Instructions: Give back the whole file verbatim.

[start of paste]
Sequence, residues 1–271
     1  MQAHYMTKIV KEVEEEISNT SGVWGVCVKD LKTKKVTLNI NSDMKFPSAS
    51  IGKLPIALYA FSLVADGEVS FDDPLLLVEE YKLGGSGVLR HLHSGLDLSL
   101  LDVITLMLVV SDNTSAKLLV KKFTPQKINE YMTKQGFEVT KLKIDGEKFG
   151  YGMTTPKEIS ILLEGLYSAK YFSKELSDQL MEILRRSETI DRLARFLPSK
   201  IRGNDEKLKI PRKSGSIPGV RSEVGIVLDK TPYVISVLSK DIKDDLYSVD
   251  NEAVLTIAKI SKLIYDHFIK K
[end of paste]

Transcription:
Sequence, residues 1–271
     1  MQAHYMTKIV KEVEEEISNT SGVWGVCVKD LKTKKVTLNI NSDMKFPSAS
    51  IGKLPIALYA FSLVADGEVS FDDPLLLVEE YKLGGSGVLR HLHSGLDLSL
   101  LDVITLMLVV SDNTSAKLLV KKFTPQKINE YMTKQGFEVT KLKIDGEKFG
   151  YGMTTPKEIS ILLEGLYSAK YFSKELSDQL MEILRRSETI DRLARFLPSK
   201  IRGNDEKLKI PRKSGSIPGV RSEVGIVLDK TPYVISVLSK DIKDDLYSVD
   251  NEAVLTIAKI SKLIYDHFIK K